|Since the seventh century
this group of small sheikhdoms on the coastline of the Persian
Gulf was a backwater of the Islamic civilization. It
was then under the Ottoman control until the arrival of European
colonists in the 1820s. It was brought under British suzerainty
after attacks on British-owned shipping by pirates operating in
the Gulf region. In 1853 the Arab rulers signed a treaty with the
British in under which they accepted British military protection
and in exchange promised to refrain from piracy.
the 1950s, the British sought to bring together the seven distinct
regimes of the Trucial States into one administrative bloc. Two
key factors set the future of the territory: the 1968 decision
by the British to withdraw the military forces from the Gulf; and
the discovery of oil that gave a rapid boost to the economy of the
region. The UAE became an independent state on 2 December 1971.
FOr several years internal politics are prone to instability due
to the uncertain nature of the federation and boundary disputes.
The Sharjah emirate has been the subject of a couple of coup
attempts. The ruling families in the two largest emirates, Dubai
(the al-Makhtoums) and Abu Dhabi (whose ruler, Sheikh Zayed
bin Sultan al-Nahayan, is the current president of the UAE) have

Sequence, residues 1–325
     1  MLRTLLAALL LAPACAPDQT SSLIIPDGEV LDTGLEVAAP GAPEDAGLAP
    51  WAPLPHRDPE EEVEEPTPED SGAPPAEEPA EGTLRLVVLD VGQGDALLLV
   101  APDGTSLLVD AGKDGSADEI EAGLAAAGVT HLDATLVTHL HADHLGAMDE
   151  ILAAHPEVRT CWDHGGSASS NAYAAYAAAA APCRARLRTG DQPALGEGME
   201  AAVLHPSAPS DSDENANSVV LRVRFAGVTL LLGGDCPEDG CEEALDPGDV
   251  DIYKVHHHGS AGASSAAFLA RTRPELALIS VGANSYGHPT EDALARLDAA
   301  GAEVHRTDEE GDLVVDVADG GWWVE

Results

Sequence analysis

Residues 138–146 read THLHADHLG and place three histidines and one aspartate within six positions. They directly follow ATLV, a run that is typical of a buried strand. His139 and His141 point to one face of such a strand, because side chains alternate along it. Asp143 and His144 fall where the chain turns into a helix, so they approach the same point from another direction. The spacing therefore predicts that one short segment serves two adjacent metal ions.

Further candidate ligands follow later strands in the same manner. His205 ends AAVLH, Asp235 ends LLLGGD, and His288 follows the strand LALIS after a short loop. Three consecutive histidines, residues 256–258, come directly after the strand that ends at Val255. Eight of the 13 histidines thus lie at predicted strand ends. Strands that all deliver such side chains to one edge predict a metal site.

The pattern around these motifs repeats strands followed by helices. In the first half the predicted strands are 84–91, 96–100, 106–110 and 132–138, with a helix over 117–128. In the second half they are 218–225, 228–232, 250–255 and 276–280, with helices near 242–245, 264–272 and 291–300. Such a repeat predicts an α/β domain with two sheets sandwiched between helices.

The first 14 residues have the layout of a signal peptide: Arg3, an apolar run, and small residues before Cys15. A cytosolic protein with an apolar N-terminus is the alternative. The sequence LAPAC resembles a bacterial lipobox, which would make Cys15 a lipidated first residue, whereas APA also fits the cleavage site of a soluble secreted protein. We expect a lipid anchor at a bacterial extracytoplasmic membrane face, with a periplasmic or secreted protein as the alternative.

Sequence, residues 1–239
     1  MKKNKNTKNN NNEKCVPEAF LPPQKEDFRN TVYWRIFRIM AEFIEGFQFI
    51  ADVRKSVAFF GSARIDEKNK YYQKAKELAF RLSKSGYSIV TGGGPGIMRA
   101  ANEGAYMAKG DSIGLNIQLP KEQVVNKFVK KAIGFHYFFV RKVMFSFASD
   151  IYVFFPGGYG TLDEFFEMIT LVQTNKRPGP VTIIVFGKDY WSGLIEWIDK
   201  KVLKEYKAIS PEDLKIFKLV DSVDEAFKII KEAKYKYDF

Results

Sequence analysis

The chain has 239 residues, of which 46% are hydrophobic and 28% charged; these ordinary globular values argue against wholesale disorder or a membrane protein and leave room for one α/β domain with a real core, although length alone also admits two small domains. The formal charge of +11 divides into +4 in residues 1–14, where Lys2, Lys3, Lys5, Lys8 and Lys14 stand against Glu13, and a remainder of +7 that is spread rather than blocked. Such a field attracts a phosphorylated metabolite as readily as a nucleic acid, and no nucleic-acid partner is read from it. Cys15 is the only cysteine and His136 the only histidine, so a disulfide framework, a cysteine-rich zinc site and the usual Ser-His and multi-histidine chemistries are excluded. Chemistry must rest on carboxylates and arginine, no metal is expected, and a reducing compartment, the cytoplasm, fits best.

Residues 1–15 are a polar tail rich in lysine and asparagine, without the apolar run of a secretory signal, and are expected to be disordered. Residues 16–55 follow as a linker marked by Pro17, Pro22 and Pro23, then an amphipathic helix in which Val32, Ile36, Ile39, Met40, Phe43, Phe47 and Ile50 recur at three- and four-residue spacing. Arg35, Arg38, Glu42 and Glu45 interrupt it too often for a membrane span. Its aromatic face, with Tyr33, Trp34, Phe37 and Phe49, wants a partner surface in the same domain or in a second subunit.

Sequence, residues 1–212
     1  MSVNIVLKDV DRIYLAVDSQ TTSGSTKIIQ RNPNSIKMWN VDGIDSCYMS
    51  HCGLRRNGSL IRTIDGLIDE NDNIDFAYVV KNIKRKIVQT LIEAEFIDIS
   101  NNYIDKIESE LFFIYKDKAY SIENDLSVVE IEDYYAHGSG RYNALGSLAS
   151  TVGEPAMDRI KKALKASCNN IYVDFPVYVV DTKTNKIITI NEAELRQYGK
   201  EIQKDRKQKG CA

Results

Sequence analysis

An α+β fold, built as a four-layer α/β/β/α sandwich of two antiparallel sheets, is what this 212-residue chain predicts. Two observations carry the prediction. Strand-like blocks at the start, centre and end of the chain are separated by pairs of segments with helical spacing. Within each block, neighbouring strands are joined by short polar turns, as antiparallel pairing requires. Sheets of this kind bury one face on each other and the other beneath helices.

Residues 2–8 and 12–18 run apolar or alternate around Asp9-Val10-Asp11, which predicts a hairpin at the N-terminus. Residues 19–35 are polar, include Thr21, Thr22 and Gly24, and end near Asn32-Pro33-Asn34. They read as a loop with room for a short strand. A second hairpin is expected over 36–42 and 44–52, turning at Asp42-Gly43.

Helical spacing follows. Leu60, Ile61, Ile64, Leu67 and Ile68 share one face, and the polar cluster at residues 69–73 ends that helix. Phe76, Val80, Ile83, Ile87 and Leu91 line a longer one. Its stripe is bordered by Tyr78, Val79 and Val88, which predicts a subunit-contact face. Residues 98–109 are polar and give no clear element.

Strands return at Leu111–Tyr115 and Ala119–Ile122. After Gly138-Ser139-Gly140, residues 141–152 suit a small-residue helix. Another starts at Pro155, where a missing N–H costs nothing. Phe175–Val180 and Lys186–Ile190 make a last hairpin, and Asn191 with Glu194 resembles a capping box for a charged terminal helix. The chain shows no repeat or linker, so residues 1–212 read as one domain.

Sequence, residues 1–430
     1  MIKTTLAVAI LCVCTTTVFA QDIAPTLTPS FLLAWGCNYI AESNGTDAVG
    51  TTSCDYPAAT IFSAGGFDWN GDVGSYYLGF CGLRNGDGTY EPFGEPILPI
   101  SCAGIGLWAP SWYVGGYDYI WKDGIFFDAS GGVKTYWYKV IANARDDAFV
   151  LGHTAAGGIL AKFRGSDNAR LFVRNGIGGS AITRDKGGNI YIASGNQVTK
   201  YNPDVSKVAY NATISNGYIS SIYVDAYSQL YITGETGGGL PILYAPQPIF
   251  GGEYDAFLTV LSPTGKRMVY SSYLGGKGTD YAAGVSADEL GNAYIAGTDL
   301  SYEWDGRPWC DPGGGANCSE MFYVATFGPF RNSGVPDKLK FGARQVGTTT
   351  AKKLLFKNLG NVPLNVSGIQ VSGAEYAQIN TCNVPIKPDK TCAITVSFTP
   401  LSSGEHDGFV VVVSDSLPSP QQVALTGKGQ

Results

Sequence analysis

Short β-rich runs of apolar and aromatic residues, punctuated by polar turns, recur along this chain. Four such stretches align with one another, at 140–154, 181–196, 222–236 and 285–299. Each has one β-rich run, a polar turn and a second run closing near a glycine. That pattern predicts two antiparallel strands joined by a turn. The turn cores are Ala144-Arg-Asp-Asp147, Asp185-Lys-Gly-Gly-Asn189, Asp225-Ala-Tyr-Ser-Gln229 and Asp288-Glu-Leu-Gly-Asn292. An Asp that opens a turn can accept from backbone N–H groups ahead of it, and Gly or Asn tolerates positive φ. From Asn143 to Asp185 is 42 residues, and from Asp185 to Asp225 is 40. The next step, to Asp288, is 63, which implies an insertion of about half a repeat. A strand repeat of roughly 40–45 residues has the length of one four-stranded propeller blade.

managed to maintain stability in the federation.
The UAE has taken an active role in Middle East politics, both as
a founding member of the Gulf Co-operation Council (GCC)
and as mediator in disputes including those between Israel and the
Palestinians, Morocco and Algeria, Iran and Iraq, and Oman and Yemen.
It was one of the first Gulf states to establish diplomatic relations
with China and the countries of the former USSR.
In August 1990, along with other members of the Gulf Co-operation
Council, the UAE gave its backing to the US-led anti-Iraqi coalition.
Following the war, the UAE bolstered its national security by participating
in various GCC defence initiatives, as well as signing bilateral
agreements with the USA and the UK. The political situation in the
Gulf has been sensitive ever since. The US policy of ‘dual
containment’ (of Iran and Iraq) has created some difficulties
for the essentially pro-Western UAE regime throughout the 1990s.
The UAE has a long standing territorial dispute with Iran over the
ownership of three small Gulf islands – Greater and Lesser
Tunbs, and Abu Musa. The islands are in a key position close to
Gulf shipping lanes and large oil and gas fields. Though this dispute
has yet to be resolved, several other lesser conflicts with other
Gulf states (principally Qatar) have been settled.